Health files are sold as scrap paper to Utahn

Aaron Falk writes in the Deseret Morning News:

Why Louis Mezzoni walked into Central Florida Regional Hospital in May 2006 is, frankly, none of your business.

His medical records — as are nearly all medical records in the U.S. — are private, guarded heavily by the Health Insurance Portability and Accountability Act.

When, at 77, Mezzoni died a few months after his visit to Central Florida Regional, his wife had trouble acquiring the records for billing purposes.

She was shocked when she found out they were sold last month at a Salt Lake surplus store for about $20.

“I find it inexcusable,” said Susan Mezzoni, a nurse who lives in Lake Mary, Fla. “I don’t like that they’re out there.”

Along with 27 others, Louis Mezzoni’s records were unwittingly sold to a Salt Lake-area school teacher looking for a good deal on scrap paper for her fourth-grade class.


In December, the box was one of three shipped to a Las Vegas company for a Medicare audit, said Kelly Ferrell, the hospital’s risk manager. Hospital officials had been tracking the box since it was reported missing in Phoenix but had not contacted the affected patients, she said.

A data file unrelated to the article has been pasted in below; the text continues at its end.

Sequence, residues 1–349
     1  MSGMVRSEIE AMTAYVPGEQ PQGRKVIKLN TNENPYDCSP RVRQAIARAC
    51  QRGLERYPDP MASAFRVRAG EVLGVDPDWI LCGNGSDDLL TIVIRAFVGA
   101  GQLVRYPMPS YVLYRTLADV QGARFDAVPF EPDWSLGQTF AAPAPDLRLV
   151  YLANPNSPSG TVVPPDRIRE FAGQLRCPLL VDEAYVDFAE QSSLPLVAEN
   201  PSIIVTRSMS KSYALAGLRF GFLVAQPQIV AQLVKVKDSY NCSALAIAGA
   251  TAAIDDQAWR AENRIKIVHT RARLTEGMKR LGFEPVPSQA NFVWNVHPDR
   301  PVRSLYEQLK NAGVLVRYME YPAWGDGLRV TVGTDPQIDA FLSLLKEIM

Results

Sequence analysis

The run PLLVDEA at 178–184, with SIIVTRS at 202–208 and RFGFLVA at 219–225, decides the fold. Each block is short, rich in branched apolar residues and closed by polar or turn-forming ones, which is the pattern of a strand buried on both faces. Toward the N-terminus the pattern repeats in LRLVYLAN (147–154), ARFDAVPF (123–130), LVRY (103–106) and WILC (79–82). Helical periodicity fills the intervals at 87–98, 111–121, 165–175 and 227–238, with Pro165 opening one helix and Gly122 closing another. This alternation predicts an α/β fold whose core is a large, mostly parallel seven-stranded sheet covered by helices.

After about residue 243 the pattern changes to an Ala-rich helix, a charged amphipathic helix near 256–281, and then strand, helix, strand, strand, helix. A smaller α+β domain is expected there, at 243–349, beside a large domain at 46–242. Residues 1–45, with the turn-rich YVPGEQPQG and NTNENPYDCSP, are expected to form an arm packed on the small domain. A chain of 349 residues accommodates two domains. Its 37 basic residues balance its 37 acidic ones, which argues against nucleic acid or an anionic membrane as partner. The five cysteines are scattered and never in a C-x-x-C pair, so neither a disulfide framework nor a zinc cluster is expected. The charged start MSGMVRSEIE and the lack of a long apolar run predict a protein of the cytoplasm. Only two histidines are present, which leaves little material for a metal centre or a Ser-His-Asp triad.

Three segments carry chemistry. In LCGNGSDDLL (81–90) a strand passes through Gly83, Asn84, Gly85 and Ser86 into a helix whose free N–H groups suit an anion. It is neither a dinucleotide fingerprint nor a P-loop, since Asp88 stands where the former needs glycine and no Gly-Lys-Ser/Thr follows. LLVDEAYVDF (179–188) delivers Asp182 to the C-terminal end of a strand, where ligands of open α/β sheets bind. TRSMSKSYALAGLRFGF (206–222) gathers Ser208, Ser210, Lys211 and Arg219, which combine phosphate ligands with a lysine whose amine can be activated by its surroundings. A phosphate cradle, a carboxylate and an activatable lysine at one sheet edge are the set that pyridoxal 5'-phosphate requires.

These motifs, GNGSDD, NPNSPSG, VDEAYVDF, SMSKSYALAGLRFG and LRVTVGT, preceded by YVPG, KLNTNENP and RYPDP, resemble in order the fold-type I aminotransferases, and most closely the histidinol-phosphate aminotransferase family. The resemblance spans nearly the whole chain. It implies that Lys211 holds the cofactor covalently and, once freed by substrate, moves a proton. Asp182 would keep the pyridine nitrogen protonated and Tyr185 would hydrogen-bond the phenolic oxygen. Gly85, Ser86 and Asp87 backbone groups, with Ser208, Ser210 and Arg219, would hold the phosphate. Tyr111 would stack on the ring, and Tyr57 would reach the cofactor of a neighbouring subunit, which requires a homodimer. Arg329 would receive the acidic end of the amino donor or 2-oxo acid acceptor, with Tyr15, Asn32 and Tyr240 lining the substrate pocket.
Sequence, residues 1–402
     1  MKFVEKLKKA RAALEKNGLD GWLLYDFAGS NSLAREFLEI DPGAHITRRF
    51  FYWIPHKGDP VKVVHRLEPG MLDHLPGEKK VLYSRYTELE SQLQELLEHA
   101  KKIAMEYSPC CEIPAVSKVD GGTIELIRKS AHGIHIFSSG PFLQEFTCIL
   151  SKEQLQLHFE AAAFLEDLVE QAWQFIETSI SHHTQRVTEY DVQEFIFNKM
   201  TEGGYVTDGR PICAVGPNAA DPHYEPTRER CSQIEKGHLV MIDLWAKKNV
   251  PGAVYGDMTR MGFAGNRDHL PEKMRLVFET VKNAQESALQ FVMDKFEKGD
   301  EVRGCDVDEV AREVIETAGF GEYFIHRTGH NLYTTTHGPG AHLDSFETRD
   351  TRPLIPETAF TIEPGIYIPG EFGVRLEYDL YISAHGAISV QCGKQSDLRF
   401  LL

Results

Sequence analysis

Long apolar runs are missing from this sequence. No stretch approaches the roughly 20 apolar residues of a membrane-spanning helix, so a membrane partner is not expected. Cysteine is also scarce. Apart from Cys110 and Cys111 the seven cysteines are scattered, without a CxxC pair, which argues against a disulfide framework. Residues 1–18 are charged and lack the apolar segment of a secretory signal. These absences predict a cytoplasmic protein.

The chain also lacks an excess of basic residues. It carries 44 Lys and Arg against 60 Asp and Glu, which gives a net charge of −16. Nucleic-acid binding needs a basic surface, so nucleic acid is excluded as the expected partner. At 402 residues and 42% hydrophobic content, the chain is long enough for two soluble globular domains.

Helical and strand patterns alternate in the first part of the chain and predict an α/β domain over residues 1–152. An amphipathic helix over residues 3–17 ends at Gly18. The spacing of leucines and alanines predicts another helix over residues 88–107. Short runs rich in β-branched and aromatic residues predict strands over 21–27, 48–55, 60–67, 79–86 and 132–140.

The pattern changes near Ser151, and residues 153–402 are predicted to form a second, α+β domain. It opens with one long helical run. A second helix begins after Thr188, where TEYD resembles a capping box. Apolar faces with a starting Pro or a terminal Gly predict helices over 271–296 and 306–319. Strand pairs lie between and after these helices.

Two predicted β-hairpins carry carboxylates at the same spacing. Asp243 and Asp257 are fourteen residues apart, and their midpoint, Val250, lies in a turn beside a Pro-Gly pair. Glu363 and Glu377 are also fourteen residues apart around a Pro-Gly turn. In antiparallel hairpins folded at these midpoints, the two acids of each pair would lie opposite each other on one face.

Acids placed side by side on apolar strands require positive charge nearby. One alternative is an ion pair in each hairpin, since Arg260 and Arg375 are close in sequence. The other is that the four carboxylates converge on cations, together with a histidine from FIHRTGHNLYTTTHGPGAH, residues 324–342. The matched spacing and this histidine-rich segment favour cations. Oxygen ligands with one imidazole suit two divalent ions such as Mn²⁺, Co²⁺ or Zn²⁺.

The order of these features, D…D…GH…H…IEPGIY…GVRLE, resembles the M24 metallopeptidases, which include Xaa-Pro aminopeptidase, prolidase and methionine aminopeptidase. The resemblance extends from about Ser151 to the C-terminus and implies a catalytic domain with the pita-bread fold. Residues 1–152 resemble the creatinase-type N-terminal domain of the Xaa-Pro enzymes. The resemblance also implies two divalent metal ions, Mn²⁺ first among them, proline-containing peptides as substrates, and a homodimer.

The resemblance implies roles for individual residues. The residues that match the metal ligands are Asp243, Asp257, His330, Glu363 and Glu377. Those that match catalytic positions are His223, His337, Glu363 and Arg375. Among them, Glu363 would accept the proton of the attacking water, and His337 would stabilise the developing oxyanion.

“This stuff is very confidential,” she said. “We worry about wrongful disclosure. That information is very personal.”

The packages were certified and sent via UPS, Ferrell said. When one of the boxes did not arrive, a Las Vegas auditor on Feb. 4 contacted hospital officials who, in turn, contacted UPS two weeks later.

Officials said they were unsure how the box made its way to Utah, though the package containing the records also had a document indicating it was “overgoods” — a package that was sold because the shipping company could not deliver it or find its owner.


The records from Central Florida Regional contained detailed medical histories, phone numbers, addresses, Social Security numbers and insurance information.


Full story – Deseret Morning News

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